At the end of the nineteenth century and beginning of the twentieth, Jewish money changers developed into modern bankers. About 12 credit banks were owned or managed by Jews. The biggest, very influential over industry, merchandise, and crafts were: The Old Bank, The Giro Bank, and the Spotke Bank (nicknamed for the bank owned by the members of the large Beit Midrash, the majority of whom wore shtreimels on Saturdays, nicknamed Spodek), the Husackover, the Lenders' bank, the Factory Bank (of the merchants), etc Many printing and publishing houses were established in Przemyśl in Hebrew and other languages during the middle of the nineteenth century. In 1869 Dov Ber Luria established a branch of his Lwow and Zolkiew presses. The printing houses were later transferred to different partners. At the beginning Hebrew books were printed, and foreign languages added after 1910. A very famous publishing house was the successor of Freund, and there was the Schwartz and Robinson printing house for textbooks in foreign languages. Jewish professionals gained elevated status at the end of the nineteenth century and the beginning of the twentieth, especially doctors and lawyers, in view of their numbers and the status of their colleagues in the city.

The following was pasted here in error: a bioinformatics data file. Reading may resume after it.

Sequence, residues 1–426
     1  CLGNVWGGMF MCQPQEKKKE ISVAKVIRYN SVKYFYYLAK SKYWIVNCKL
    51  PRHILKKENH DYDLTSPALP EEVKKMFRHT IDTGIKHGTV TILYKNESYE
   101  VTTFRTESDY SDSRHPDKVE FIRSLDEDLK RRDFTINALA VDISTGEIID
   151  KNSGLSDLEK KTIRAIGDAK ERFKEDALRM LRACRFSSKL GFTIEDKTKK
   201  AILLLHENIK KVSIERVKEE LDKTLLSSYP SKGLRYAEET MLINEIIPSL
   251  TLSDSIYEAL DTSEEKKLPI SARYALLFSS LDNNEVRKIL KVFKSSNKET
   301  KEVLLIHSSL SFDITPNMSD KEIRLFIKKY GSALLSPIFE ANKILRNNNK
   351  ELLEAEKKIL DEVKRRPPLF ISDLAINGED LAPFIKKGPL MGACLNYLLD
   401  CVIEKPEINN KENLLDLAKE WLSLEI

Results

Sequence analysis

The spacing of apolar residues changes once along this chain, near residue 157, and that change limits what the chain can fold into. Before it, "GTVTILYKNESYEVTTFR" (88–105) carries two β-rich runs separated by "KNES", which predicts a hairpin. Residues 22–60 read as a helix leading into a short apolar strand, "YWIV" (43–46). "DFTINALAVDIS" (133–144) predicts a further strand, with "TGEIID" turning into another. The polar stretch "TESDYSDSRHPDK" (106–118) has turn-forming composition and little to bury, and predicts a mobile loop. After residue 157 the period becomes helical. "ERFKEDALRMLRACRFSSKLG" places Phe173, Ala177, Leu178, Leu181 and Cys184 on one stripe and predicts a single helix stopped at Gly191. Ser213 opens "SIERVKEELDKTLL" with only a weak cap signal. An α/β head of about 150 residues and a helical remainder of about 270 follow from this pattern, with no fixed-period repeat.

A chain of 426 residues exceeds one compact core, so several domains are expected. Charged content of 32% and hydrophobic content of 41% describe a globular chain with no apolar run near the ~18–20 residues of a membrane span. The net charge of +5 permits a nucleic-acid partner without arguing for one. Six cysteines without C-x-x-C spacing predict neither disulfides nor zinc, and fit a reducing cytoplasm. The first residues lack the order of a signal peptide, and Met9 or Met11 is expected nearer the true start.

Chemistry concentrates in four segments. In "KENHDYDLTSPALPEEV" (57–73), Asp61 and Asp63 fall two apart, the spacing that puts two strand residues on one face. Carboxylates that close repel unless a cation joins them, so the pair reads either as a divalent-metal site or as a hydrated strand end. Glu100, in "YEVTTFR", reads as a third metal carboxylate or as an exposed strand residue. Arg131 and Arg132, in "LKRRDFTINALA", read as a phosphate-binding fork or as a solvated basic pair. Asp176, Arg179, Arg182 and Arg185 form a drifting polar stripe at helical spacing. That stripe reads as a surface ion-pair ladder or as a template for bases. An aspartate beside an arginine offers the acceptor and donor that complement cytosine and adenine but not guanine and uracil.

However, the majority of Jewish breadwinners and their families made their living through trade and craftsmanship, stalls in the market, and peddling in the surrounding villages. Their lives were difficult, and their revenues were a few crowns weekly. Many of them wanted to solve their problems through emigration, a development that increased, especially in the 1880's. In 1889 the first association of Jews from Przemyśl indicated the great number of immigrants to the United States.

During the second half of the nineteenth century Hassidism with all its branches strengthened on one hand, while on the other hand intensified political activity was expressed by the establishment of modern political parties. Among the Hassidim, the first were Blajov Hassidim (a principal branch of the Dinov dynasty). Rabbi Zvi Elimelech Shapiro, author of Zvi HaTzadik who established this dynasty, lived in Przemyśl for a short time. There were also many Belz Hassidim who were dominant in the majority of towns in Eastern Galicia, and also the also the Sadigora (a branch of the Rygin Hassidim).